The United States government can resume paying for educational, legal, and recreational services at facilities like the Homestead detention center, according to the Department of Health and Human Services.
Congress passed — and President Donald Trump has indicated he will sign — a $2.88 billion emergency supplemental appropriations legislation this week.
This comes about three weeks after the Trump administration said it would dramatically cut aid to detention centers that house migrant children who arrive in the United States unaccompanied by their biological parents. Homestead is the largest of those facilities.
“HHS is pleased that, thanks to the President’s leadership and bipartisan action by Congress, our career civil servants and grantees can now resume providing a full set of recreational, educational, and legal services to the children in our care, as well as all refugee support services,” HHS said in a statement on Friday. “The President has indicated that he would sign the supplemental funding bill, so our Office of Refugee Resettlement has begun the process of notifying grantees that they can resume the comprehensive provision of these important services for the children in our care.”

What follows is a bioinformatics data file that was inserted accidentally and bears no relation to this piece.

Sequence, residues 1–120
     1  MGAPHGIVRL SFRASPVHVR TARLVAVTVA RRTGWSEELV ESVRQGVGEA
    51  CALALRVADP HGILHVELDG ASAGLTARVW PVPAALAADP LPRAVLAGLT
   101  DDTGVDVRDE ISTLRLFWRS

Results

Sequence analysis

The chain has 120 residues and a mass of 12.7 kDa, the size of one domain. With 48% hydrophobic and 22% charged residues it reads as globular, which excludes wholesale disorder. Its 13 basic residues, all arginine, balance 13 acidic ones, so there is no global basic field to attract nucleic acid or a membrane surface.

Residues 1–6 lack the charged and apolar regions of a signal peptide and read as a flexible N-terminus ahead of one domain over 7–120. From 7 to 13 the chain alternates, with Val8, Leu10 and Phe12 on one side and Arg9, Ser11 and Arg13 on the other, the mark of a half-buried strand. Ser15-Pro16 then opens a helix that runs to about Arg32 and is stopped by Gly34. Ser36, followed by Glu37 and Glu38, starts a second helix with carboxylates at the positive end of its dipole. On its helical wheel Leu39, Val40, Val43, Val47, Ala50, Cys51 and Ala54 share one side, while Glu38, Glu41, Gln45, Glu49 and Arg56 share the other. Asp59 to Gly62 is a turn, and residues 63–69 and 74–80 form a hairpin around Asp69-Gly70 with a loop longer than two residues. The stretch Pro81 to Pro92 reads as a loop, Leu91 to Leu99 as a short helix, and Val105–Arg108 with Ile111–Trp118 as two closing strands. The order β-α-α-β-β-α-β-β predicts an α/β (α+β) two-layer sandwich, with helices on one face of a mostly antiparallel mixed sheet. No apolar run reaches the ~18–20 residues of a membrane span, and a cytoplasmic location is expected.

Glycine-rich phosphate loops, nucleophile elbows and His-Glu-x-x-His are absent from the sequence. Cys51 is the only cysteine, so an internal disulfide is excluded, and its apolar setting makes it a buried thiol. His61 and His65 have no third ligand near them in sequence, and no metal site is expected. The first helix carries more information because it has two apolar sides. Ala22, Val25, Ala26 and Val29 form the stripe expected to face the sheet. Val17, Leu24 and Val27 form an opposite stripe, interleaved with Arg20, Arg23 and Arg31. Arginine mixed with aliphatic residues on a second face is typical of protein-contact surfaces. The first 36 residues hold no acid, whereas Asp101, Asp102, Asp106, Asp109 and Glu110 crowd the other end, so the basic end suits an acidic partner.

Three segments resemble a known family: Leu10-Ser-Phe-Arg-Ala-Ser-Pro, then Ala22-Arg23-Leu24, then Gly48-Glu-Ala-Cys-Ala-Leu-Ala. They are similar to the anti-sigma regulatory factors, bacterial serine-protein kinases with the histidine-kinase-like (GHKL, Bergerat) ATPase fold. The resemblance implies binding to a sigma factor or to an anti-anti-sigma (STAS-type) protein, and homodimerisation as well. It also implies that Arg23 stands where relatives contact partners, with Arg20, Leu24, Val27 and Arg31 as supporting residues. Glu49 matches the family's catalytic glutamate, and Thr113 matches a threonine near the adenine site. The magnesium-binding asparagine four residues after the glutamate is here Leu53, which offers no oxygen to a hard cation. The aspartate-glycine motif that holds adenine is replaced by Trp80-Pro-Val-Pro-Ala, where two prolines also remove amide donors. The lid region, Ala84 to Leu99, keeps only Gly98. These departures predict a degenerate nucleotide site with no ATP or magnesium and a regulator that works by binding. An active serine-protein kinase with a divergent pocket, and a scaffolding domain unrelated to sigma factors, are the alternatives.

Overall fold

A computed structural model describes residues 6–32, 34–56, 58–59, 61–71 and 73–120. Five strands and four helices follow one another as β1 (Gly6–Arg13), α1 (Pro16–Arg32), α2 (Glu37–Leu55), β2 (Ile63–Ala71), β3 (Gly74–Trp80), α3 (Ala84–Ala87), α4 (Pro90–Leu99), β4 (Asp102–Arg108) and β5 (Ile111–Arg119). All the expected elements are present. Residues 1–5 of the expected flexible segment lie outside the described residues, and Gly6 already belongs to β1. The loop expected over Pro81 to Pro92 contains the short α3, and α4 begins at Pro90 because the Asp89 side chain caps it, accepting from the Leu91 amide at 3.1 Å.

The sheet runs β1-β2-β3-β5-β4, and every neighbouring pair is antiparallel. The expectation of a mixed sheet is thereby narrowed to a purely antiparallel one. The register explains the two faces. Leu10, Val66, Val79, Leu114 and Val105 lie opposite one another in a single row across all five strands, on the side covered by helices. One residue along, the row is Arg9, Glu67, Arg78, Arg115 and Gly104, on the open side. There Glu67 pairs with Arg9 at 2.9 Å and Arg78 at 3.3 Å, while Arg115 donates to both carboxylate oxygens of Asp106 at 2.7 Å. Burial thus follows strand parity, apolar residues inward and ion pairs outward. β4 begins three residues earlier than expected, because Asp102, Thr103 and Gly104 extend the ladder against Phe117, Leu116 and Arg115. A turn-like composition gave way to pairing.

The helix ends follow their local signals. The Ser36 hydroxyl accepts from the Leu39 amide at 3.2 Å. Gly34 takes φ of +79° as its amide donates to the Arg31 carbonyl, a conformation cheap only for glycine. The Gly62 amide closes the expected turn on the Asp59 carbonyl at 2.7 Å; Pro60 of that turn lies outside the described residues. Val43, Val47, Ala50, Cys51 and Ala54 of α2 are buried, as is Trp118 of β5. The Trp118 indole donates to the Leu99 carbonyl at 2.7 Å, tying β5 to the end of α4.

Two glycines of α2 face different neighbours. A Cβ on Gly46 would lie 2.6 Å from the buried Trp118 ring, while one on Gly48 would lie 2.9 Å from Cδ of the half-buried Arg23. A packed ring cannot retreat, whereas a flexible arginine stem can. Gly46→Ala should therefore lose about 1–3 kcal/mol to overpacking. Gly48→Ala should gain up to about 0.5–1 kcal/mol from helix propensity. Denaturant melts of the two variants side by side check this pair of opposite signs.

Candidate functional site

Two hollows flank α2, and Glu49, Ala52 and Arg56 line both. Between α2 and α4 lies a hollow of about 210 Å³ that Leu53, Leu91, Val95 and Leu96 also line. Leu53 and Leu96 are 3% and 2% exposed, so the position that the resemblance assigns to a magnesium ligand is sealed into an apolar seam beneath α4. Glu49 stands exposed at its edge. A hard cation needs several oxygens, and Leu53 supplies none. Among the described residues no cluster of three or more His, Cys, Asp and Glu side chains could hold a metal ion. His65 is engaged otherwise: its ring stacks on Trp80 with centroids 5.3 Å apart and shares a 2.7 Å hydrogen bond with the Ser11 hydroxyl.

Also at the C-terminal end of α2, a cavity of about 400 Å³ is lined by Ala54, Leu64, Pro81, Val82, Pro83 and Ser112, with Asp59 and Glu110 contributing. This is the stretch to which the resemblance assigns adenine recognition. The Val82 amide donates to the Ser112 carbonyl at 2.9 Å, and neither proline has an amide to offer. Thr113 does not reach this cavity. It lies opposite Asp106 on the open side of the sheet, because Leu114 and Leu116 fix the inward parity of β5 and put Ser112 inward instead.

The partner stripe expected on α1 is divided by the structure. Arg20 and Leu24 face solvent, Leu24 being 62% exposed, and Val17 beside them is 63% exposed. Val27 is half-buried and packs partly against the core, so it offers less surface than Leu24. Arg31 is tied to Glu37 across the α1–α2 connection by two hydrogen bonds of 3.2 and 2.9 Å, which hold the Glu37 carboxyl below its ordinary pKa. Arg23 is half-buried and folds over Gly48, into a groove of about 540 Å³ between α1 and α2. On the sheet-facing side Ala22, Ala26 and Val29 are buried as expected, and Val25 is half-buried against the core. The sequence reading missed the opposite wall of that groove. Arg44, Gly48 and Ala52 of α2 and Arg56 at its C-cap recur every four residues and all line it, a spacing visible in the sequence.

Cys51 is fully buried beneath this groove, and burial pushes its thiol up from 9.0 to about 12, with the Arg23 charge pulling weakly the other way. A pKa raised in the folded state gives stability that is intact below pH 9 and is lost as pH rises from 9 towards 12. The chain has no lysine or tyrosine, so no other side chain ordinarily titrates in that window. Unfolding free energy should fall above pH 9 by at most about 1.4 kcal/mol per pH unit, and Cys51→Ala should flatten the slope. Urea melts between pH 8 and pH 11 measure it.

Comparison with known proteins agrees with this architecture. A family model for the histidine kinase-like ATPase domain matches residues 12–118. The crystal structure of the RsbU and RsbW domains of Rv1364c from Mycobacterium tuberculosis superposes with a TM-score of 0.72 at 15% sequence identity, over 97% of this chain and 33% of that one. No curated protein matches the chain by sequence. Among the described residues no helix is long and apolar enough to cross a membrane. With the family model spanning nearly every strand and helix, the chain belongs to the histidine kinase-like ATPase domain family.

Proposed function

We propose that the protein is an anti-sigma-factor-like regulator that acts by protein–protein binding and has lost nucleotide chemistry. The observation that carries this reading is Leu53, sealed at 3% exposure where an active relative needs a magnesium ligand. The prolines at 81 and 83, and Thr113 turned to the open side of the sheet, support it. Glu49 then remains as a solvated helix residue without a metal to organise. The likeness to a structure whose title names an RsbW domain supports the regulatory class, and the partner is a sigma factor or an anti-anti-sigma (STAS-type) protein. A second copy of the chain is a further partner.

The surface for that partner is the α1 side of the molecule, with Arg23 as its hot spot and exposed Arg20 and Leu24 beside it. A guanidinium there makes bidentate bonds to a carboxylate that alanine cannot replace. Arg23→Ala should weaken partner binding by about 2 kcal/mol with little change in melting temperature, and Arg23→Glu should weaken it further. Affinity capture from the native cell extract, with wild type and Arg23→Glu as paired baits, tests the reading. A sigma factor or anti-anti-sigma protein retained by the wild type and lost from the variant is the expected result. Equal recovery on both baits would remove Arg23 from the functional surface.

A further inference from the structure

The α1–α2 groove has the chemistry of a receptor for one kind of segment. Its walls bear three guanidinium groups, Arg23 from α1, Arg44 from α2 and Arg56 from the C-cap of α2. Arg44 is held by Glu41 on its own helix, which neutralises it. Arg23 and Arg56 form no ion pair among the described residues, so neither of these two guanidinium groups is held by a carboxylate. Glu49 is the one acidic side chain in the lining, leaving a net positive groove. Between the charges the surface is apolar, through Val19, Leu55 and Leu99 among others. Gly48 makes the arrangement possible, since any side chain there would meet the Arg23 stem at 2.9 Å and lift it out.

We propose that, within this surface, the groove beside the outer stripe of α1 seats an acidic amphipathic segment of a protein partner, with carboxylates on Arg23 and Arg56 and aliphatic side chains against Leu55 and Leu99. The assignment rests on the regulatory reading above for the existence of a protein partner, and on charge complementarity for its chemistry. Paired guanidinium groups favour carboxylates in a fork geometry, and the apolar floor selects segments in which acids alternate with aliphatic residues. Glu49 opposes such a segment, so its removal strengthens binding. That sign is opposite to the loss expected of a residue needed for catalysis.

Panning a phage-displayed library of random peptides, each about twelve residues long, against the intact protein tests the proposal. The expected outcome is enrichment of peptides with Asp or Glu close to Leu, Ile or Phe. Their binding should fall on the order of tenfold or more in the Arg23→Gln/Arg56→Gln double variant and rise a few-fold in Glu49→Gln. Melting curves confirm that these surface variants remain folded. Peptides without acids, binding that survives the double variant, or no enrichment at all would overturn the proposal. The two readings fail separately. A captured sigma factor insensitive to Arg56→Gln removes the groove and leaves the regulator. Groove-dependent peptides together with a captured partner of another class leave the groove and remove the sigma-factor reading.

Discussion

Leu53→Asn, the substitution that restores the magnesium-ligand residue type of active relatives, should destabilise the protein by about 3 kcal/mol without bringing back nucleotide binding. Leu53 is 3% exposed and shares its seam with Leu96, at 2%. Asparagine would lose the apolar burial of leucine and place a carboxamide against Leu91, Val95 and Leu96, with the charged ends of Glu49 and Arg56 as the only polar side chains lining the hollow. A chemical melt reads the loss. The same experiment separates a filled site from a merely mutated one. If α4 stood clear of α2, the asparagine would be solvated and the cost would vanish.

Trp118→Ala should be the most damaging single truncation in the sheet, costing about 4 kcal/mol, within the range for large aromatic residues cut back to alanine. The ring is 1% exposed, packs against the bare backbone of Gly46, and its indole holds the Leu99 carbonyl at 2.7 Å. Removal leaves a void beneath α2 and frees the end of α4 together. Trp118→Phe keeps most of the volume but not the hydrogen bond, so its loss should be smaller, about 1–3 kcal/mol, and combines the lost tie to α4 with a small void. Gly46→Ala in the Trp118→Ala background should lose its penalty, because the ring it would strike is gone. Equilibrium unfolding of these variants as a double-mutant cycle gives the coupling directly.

The budget cut that was announced in early June meant detainees would no longer get recess time or access to any sort of education. Their access to attorneys was also slashed. The agency said in a statement at the time that changes were a direct result of the “humanitarian crisis at the border brought on by a broken immigration system.”
This crisis put financial strain on the agency’s Unaccompanied Alien Children (UAC) program — a strain that will leave its budget empty by the end of the month, the statement added.
Officially, children as young as 13 are detained at the center — although a recent court filing suggested kids as young as 8 were held there. They are taught by non-certified instructors working under the supervision of certified teachers, according to federal officials. Those teachers are staffed by the shelter’s private operator, Caliburn.
Alberto Carvalho, superintendent of Miami-Dade schools — who for years has offered to take the lead in teaching the detained children but has been denied — called the move by Congress a “stop-gap measure.”
“Any bipartisan agreement resulting in the softening of the horrific conditions that these children are facing is terrific news,” he said. “With that said, there needs to be a longtime solution to ensure that the painful conditions that these children have endured does not repeat itself.”
Currently, the Office of Refugee Resettlement funds the Vera Institute of Justice, a New York-based nonprofit that hires legal service providers across the country to represent unaccompanied youth inside detention centers.
In Florida, the Vera Institute contracts with Americans for Immigrant Justice.
“We are relieved to hear that funding for legal services will resume for detained immigrant children,” said Michelle Ortiz, deputy director of Americans for Immigrant Justice. “We will continue to fight for our vulnerable clients to ensure they are safe from harm."
Read via the Miami Herald here.